The other thing I’d love to say to this group is thinking about some of our language as we talk about women who’ve experienced abortion. So I discovered a few years ago that the word post-abortive is very offensive to some people. And I started asking why, and it’s because it’s an identifier. It’s as if we’re saying this is the identity, you are a post-abortive person. I’m not doing that with my sin. I’m not calling myself a post- whatever God has freed me from. Right? So just thinking about that subtle thing – why don’t we just say a woman who has experienced an abortion, right? Or a man who was part of an abortion? That doesn’t identify; it’s part of their story. It’s not an identifier. [Saying] abortion experience is great. Maybe no one on here does this, but that’s one word that comes up over and over in working with pregnancy organizations. No one is doing it on purpose. We just haven’t had a conversation where someone [says] Ooh, ouch. And that’s the point of getting out there and talking about it differently because then people will be honest. They’ll say actually When you say this, I don’t believe that you value the woman in child equally, right? Or I don’t believe you’re leading with grace. So that’s the last thing I’ll say about it.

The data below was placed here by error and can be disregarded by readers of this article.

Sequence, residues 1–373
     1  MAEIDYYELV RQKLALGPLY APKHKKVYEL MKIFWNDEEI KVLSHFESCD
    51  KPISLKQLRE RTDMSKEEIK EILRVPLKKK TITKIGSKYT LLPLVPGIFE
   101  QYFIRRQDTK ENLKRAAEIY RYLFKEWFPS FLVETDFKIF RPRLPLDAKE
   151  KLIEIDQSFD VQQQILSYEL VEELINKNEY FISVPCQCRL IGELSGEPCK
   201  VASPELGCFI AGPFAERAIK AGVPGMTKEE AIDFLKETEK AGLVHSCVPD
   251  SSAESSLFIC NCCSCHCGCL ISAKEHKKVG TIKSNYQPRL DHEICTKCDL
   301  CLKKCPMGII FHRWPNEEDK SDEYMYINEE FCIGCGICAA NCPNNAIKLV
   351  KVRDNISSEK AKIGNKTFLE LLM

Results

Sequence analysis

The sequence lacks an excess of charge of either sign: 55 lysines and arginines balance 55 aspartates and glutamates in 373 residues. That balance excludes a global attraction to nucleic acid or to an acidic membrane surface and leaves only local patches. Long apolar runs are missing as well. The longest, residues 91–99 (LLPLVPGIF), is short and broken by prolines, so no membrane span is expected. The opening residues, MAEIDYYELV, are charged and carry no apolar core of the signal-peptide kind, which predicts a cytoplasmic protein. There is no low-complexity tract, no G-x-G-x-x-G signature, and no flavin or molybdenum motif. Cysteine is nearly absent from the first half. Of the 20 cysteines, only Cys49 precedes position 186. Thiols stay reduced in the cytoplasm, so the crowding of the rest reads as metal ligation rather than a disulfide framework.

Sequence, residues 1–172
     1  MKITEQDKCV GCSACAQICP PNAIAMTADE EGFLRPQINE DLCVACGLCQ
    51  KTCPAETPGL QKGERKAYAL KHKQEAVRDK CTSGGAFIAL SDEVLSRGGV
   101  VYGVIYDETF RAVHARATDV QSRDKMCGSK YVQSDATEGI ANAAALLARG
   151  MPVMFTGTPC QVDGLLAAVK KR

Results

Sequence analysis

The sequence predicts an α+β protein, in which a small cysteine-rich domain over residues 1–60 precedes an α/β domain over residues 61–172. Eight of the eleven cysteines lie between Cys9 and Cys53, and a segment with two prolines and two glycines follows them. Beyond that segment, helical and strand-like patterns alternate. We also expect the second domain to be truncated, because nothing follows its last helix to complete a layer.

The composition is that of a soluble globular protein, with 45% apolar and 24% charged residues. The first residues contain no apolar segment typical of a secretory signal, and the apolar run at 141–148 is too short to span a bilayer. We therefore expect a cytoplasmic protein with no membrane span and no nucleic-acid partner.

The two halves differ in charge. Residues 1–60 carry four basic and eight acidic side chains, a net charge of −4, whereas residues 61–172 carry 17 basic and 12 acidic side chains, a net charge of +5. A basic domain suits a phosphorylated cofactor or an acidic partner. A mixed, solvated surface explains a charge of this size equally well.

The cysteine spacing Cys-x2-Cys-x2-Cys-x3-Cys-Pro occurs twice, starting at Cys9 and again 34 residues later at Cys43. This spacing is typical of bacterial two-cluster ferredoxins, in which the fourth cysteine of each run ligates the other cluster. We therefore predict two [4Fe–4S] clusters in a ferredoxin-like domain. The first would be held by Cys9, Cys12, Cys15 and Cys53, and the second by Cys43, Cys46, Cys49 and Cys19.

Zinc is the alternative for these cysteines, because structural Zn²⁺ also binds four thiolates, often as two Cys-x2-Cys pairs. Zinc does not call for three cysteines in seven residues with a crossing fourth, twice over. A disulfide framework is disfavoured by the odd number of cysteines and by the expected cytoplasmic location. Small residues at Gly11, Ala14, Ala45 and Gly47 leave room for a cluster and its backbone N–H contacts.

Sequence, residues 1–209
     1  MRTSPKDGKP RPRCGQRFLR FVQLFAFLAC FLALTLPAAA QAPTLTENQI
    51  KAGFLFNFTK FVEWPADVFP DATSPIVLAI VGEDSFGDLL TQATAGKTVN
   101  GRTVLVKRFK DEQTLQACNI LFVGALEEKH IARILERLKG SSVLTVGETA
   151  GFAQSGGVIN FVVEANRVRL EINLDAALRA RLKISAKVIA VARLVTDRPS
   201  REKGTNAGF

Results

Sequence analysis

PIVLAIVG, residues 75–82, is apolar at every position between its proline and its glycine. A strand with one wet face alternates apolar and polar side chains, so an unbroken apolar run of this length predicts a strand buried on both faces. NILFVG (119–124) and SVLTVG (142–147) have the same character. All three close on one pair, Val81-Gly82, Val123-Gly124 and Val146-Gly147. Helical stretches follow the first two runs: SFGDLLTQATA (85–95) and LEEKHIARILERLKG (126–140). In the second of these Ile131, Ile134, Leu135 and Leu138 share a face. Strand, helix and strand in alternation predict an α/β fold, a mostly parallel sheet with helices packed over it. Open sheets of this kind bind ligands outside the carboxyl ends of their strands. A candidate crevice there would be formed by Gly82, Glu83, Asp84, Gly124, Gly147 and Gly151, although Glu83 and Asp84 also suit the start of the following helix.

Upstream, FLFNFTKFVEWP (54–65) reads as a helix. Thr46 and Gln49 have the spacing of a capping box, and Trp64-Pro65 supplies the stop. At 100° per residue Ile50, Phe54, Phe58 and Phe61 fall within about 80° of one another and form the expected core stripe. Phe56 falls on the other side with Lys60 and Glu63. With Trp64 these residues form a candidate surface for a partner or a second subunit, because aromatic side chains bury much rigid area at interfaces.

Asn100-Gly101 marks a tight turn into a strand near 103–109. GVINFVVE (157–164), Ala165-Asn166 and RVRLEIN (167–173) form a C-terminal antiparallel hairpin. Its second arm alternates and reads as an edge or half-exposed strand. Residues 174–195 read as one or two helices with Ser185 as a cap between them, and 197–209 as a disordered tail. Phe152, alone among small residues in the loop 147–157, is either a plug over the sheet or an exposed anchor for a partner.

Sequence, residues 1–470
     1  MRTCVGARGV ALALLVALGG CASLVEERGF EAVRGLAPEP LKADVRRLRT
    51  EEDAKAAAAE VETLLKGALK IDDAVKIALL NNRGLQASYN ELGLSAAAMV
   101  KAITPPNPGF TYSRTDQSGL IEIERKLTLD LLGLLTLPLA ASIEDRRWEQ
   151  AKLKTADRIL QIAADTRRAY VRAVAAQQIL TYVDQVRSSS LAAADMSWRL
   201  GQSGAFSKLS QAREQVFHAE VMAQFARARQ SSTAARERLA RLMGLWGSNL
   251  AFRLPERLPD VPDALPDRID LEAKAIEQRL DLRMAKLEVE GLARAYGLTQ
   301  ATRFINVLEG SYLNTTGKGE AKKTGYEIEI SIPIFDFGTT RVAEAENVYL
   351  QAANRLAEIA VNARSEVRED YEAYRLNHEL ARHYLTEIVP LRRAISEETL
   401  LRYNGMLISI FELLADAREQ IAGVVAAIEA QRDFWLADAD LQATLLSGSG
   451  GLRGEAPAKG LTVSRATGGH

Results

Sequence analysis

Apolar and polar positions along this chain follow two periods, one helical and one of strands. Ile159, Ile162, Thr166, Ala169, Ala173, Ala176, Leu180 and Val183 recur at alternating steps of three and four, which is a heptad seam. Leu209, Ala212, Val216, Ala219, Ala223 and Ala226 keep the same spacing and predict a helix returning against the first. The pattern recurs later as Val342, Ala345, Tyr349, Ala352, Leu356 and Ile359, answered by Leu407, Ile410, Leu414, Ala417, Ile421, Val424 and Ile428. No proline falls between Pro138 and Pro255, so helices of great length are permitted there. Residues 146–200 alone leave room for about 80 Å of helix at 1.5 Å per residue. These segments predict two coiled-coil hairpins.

I love that you guys are doing what you’re doing. I love that you’re leaning in after Roe versus Wade. If we can be of any support, I put the email in there, www.prograce.org, you can go on the website. There’s ton of free resources. I just want to say thank you for wanting to have a grace-filled conversation that reflects Jesus to people. I love it.
Lisa Rowe 56:42
Angie, thank you so much for your time. I hope that she gave you lots to chew on today and that you’re inspired to take this back to those three people that you have never talked to about abortion and walk with a compassionate message. We will be emailing you all of the resources Angie shared, but if you want to click on the chat quickly, she’s also dropped them there. And I heard her offer you a free resource. If you don’t take her up on it, that’s on you. Her resources are huge and life changing. We’ll see you next month. The link to register will be in that email as well. I appreciate each of you and the time you took out of your day to spend it with us and I look forward to seeing you next month. Thank you Angie.
Angie Weszely 57:29
Disclaimer: The views and opinions expressed in this program are those of the speakers and do not necessarily reflect the views or positions of any entities they represent or the program host, Support After Abortion.